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Boys own comics

Image courtesy of Women in Comics Collective Against Sexism
Image courtesy of Women in Comics Collective Against Sexism

Ten leading comic book artists, including Daniel Clowes, Joann Sfar and Riad Sattouf have recently withdrawn their names from the Grand Prix lifetime achievement award from The Angoulême Comics Festival. Why? Well it appears that Angoulême initially assumed that comic books are a boys only pursuit, with no women appearing on their 30 strong short list and a male only judging panel.
Thankfully The Women in Comics Collective Against Sexism and some of the nominees were on hand to challenge Angoulême and the festival is now reconsidering their shortlist.
This incident raises the issue of how comics can be perceived from a gendered perspective. Is there something about comics that are essentially male, or has the growth in graphic novels changed assumptions about who makes and enjoys this form of visual fiction?
Looking at the history of comic books it is clear there have been fewer female characters. For every Minnie the Minx, Catwoman or Batgirl there’s always more male counterparts taking centre stage. Perhaps this imbalance is beginning to shift with Marvel and DC comics’ 2015 launch of their Super Hero Girls – a range of all female super hero and villains – some of them new characters, some reworking of older ideas such as She-Hulk. Interestingly, market research from 2014 suggests that women make up 46.67% of the readership of comics, so it makes commercial sense to represent the audience of comics more equally.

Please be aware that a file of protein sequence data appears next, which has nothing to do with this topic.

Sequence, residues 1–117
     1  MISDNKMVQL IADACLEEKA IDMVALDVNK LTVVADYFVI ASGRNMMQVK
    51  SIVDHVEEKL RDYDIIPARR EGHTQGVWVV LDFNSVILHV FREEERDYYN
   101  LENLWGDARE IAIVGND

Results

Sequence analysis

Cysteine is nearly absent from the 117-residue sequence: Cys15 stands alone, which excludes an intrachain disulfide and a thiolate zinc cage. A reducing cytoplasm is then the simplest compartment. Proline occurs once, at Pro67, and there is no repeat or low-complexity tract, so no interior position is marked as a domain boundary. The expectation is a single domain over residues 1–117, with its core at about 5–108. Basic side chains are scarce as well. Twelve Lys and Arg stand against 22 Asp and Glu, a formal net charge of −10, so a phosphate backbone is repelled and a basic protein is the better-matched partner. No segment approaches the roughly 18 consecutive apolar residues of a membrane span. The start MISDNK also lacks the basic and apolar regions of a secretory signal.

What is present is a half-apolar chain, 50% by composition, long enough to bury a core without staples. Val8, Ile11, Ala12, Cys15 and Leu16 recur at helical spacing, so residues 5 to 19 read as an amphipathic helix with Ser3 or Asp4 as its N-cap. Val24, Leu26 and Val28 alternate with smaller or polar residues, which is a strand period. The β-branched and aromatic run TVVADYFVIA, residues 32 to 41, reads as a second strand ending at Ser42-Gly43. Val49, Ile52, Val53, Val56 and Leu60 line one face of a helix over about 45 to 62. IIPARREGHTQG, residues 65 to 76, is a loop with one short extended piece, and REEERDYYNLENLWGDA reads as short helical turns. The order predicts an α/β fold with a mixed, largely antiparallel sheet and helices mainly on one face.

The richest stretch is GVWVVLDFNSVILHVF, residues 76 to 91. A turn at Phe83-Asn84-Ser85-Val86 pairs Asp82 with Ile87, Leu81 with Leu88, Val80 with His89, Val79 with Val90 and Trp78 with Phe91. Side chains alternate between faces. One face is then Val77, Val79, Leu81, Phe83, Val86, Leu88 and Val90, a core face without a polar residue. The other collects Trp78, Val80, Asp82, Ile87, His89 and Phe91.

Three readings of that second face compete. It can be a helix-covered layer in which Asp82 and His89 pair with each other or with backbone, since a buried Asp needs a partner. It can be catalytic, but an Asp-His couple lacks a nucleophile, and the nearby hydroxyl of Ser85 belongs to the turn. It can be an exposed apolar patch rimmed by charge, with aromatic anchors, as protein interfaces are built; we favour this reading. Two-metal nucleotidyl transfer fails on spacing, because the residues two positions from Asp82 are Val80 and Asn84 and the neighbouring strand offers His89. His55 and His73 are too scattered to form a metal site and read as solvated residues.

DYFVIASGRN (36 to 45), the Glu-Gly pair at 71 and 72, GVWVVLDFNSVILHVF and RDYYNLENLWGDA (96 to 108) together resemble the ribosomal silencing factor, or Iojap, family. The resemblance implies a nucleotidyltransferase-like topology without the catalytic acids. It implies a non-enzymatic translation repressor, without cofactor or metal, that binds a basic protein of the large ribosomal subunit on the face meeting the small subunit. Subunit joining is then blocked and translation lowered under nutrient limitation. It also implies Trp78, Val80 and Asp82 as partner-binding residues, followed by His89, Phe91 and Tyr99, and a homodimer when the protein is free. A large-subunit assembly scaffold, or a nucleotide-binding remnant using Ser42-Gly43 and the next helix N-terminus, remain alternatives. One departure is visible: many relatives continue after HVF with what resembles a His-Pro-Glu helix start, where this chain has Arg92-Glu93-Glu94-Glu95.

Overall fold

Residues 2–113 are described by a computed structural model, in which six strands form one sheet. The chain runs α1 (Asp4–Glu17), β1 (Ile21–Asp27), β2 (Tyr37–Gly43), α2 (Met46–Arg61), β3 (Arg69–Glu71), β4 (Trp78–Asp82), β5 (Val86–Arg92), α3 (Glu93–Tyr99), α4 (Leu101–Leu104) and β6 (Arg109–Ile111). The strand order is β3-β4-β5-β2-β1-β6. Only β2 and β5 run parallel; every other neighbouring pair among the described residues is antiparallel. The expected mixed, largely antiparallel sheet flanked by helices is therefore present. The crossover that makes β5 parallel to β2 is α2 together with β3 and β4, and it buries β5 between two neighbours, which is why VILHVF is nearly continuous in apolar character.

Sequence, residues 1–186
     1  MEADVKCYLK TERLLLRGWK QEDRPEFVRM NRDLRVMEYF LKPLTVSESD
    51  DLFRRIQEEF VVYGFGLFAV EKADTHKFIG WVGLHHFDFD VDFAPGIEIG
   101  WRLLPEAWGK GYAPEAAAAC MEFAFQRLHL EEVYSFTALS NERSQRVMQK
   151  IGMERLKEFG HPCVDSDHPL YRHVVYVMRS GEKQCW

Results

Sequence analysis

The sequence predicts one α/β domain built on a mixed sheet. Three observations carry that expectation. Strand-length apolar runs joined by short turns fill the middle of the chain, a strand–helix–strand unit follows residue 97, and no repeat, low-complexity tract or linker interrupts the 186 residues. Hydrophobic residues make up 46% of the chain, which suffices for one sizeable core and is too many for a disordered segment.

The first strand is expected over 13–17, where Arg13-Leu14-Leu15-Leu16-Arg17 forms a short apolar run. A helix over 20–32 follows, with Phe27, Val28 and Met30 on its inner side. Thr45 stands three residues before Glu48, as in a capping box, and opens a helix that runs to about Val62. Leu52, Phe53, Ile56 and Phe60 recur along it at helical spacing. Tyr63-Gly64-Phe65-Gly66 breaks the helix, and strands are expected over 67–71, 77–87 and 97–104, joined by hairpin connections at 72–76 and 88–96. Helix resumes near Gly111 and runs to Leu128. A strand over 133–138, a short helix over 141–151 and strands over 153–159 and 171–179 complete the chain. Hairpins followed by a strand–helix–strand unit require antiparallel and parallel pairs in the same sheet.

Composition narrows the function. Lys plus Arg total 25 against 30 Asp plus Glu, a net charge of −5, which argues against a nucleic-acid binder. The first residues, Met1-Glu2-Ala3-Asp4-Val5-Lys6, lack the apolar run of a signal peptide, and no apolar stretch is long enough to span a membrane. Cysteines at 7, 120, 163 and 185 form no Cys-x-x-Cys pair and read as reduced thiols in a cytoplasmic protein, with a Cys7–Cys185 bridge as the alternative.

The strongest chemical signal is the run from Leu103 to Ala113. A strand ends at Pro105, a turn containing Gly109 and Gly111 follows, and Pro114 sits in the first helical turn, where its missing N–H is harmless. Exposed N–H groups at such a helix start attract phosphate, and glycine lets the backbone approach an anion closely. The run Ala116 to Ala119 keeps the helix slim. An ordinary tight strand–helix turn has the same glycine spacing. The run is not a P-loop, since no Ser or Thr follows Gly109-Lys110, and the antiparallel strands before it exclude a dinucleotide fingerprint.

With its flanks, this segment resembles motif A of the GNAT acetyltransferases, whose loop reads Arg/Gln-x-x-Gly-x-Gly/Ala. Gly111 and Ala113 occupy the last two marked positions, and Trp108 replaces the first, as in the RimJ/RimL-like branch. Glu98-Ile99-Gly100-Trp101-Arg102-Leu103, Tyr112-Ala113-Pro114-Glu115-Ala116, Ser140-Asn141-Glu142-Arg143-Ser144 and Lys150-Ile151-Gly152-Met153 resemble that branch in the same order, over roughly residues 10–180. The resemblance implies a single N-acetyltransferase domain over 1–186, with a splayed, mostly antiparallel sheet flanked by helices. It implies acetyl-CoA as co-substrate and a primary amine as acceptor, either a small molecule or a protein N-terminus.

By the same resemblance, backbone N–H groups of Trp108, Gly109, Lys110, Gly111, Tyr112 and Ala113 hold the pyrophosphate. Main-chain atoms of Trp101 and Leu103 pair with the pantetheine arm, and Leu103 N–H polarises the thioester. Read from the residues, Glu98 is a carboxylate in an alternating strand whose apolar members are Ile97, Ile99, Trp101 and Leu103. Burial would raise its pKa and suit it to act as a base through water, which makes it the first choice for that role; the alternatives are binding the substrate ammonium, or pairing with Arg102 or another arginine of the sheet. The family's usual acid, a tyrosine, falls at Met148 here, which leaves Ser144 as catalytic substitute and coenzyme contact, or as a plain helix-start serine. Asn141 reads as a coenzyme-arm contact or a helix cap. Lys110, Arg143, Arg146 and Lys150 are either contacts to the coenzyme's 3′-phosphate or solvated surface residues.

Another issue is the profile of women cartoonists and artists. Seeing that Angoulême festival struggled to find any names to put on their list. Here are a few suggestions of my own, there were plenty of other names I could have added, so please feel free to add your own via the comments at the bottom of this post.
Lynda Barry
American cartoonist and illustrator who has published a number of books exploring her creative writing and comic book classes.
Marjane Satrapi
Iranian born graphic novelist and film director most famous for her Persepolis comics
Posy Simmons
British newspaper cartoonist and creator of Tamara Drewe (2005-06) and Gemma Bovery (2000)
Faith Erin Hicks
Canadian cartoonist, The Adventures of Superhero Girl (2013)
Anya Ulinich
Russian / American graphic novelist
Jillian Tamaki
Canadian comic artist, Skim (2008) and This One Summer (2014)
Cece Bell
Her Newbery honour-winning graphic novel El Deafo (2014) explored her own experiences of growing up with hearing problems
Ellen Forney
American comic artist, Marbles (2012)
Nicole Georges
American cartoonist, Calling Dr. Laura (2013)
Julia Wertz
American cartoonist
Simone Lia
British cartoonist and author, Fluffy (2007)
Gabrielle Bell
American comic artist, The Voyeurs (2015)
Yumi Sakugawa
An Ignatz Awards nominated comic book artist based in America
Alison Bechdel
American cartoonist, Dykes to Watch Out For and Fun Home (2006)
Noelle Stevenson
American comic artist
Babs Tarr
American illustrator who works on DC Comics’ Batgirl
And of course OCA’s very own Beth Dawson, runner up in the Observer/Cape/ Comica graphic short story prize in 2014 and 2015.